Sherbert vs. sherbet

  • Sherbet is the standard spelling of the frozen dessert made primarily of fruit juice, water, and sugar. The misspelled sherbert, which results from a common mispronunciation (sher-bert instead of sher-bit), appears often enough to have earned a spot in some dictionaries as a secondary spelling, but it is still not as widely accepted as sherbet, which more closely resembles the Turkish and Persian words from which the English term is derived.


    The word has been spelled many ways over the centuries. Zerbet, cerbet, shurbet, sherpet, sherbette, and sarbet, among others, are all found in the Oxford English Dictionary’s historical examples. Sherbert is also listed, and many instances of that spelling are also found in historical Google Books searches covering the 18th and 19th centuries. Sherbet became the unquestionably standard spelling by the middle 19th century, however, and since then only sherbert has given it any competition.


    Sherbert appears only a fraction of the time in edited writing, as shown in this ngram graphing the use of sherbet and sherbert in English-language texts published from 1800 to 2000:


    1. I thought ‘sorbet’ was another spelling (from the French). Indeed it picks up in popularity from 1980 and by far exceed sherbert (but no sherbet). Thanks for the Ngram charting tip.

      • sorbet is different than sherbet in that it contains no dairy. Sherbet is essentially half ice cream base, and half fruit juice mix, while sorbet is entirely the juice mix. Hope that helps (my father has owned his own ice cream manufacturing company for 35 years, so that is my credentials for this)

        • different “from” – not “than” :)

        • Yeah I used to work in a shop that sold Italian Ice, and people used to always think it was like an ice cream thing. I had to explain to them that it’s made using the sorbet base and there was no dairy in it. It’s not going to taste anything like ice cream, haha!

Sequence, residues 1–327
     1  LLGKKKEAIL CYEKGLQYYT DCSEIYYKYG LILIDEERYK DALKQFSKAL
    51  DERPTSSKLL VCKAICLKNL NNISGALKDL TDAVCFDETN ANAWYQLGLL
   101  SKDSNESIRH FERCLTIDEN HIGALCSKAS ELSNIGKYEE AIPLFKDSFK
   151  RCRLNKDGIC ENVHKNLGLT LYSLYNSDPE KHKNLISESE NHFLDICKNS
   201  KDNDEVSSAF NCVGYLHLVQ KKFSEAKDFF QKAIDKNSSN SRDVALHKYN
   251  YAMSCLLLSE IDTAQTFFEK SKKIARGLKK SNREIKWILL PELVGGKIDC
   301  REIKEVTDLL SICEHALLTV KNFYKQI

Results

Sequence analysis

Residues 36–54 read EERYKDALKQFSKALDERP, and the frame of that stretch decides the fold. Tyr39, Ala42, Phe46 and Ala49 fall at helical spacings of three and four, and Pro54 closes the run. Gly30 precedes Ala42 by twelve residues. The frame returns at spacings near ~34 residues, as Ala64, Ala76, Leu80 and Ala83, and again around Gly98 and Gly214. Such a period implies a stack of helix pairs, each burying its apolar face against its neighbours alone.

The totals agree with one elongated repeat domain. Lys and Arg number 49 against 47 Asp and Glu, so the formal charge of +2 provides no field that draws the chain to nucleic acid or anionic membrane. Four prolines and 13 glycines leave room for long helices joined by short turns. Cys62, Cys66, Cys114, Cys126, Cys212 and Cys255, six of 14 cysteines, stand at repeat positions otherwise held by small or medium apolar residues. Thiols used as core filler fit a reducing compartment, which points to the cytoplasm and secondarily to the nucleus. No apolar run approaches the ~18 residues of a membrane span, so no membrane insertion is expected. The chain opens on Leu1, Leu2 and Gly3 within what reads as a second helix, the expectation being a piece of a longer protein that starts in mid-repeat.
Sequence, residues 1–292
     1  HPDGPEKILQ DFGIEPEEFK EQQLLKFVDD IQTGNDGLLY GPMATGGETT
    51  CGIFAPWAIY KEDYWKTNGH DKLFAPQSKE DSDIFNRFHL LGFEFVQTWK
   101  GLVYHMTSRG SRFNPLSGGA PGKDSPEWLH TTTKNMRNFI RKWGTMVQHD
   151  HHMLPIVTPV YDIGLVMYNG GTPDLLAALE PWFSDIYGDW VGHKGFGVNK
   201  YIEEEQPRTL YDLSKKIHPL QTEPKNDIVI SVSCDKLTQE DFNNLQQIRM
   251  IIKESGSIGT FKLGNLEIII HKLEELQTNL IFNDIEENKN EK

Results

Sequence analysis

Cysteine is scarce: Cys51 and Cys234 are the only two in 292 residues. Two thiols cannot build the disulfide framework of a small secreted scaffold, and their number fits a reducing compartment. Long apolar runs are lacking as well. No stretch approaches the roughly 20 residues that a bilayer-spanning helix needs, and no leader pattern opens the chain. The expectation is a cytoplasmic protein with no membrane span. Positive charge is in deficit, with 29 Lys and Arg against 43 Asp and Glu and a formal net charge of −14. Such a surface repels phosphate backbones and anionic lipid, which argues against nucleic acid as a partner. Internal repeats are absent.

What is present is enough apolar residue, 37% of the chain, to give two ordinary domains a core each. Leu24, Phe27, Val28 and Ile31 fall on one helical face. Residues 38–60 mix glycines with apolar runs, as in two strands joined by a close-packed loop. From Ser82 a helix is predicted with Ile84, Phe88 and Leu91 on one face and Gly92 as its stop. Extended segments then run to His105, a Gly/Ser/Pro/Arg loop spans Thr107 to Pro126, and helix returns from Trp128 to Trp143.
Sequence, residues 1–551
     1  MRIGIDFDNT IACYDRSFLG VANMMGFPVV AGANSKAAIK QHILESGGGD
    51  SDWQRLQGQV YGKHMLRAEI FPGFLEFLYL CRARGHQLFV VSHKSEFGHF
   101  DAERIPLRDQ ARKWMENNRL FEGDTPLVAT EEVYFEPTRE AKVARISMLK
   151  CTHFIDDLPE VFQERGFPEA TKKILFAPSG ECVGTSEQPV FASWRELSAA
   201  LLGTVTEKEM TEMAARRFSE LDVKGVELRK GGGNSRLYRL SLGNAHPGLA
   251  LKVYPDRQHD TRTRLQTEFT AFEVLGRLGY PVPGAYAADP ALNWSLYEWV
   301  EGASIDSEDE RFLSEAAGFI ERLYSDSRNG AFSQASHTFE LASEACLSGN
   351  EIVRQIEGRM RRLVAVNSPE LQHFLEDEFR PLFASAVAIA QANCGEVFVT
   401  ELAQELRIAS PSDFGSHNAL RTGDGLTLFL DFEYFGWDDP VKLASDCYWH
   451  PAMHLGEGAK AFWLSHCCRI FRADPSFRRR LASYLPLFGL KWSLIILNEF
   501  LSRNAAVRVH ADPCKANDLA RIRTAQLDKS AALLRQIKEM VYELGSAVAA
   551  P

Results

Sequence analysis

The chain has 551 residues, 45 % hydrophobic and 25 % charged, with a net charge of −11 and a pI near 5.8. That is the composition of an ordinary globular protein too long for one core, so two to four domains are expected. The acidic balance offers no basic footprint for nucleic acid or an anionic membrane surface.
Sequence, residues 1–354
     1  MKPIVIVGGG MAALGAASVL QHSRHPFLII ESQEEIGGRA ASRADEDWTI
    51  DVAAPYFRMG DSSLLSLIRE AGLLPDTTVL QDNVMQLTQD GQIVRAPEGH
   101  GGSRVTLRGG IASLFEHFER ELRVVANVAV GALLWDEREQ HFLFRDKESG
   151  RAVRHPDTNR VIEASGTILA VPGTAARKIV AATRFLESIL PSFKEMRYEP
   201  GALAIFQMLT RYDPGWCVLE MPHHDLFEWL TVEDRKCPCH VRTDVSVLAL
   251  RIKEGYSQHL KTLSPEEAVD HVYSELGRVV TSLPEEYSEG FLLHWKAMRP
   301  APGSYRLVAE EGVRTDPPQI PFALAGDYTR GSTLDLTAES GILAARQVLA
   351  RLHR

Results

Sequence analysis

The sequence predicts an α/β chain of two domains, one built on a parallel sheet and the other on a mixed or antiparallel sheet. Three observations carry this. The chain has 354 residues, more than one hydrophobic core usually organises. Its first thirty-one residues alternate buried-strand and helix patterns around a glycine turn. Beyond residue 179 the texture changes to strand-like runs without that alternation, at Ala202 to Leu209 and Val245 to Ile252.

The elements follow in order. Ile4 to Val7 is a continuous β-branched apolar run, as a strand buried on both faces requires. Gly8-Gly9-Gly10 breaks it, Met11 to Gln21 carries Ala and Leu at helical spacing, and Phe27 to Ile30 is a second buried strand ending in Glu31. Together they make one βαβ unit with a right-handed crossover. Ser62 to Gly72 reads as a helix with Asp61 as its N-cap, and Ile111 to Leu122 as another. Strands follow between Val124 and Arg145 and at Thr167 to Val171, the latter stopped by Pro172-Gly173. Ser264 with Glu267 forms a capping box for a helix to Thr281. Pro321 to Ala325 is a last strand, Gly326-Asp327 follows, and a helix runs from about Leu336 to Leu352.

2. It seems it could be the case where the more common American usage is “sherbert” and has been for a number of years, but professional editing has surpressed that and led to the above Ngram.

    3. I’ve always pronounced it Sherbert. So much that I used to think Sherbet was something completely different.

    4. Rare English Rose says

      Sherbet is not a frozen dessert in the UK. Sherbet, here, is a fizzy, sugary powder used to make sweets. My personal favourite, the sherbet fountain, as mentioned above, is a stick of liquorice that one dips into the sugary powder – delicious.

    5. “Historical google books” pff lol

      • I agree that’s poorly chosen phrasing but that’s not what was being said. To paraphrase:

        Many instances of that spelling are also found in Google Books searches covering historical writings from the 18th and 19th centuries.

        • Cory Day Wichman says

          I don’t particularly like that either.. how about..

          Google searches also show that spelling was frequently used in historical books written in the 18th and 19th centuries.

    6. David Bowden says

      In the UK, it’s another story. After doing some research, it appears that sorbet, as mentioned in another comment, is a dessert made from sweetened water. Sherbet is a dessert of a different kind in the US, but non-existent in the UK. Sherbert, in the UK, refers to a sweet, fizzy powder used in confectionery. So they are not mispronunciations of each other, simply different things in different countries that just happen to be spelled and pronounced very similarly.

    7. I am the terror that flaps in says

      People get really offended when u correct them on this particular word.ive gotten into a few heated discussions about the pronunciation of this.sherBET.BET BET dont go to vegas and BERT your money on

    8. I’m 33 and I’ve only heard “sherbet” just now. I’ve lived in California, Florida and Georgia and have always heard it called sherbert. It’s news to me, but really not that important. I will continue to call it sherbert.

      • Cory Day Wichman says

        Well, now you know the correct pronunciation and you’re still choosing to pronounce it wrong, which is why this argument even exists… stubborn people who won’t admit they have been doing it wrong, even when confronted with proof of it…

        • It’s a discussion on 2 ways that the word is generally pronounced, not 1 right way and 1 wrong way, don’t get your panties in a bunch. Lol!

        • Martha Ward says

          Stubborn people who won’t admit blah blah blah = popular adoption of what was in the past considered wrong but becomes standard usage by acclamation. Language is not static. As much as I hate to admit it. For me it will always be sherbet!

    9. dorseybelle says

      My mom used to make that punch that in the ’70’s was the go-to for baby and wedding showers and garden clubs; the ring of sherbet floating in a punch bowl of ginger ale. I would kill for a bowl of this (maybe not as big) to help me over the flu.

    10. I’ve lived in Alabama the entire 17 years of my life and I’ve only ever heard it pronounced “Sherbert,” then a couple months ago I got some sherbet ice cream and it hit me that there’s no r in the word. I have no idea how I didn’t notice before.

    11. You idiots! Originally it was sherbert! Then misspelled from New Englanders dropping the R. After all, refrigeration was invented in Boston.

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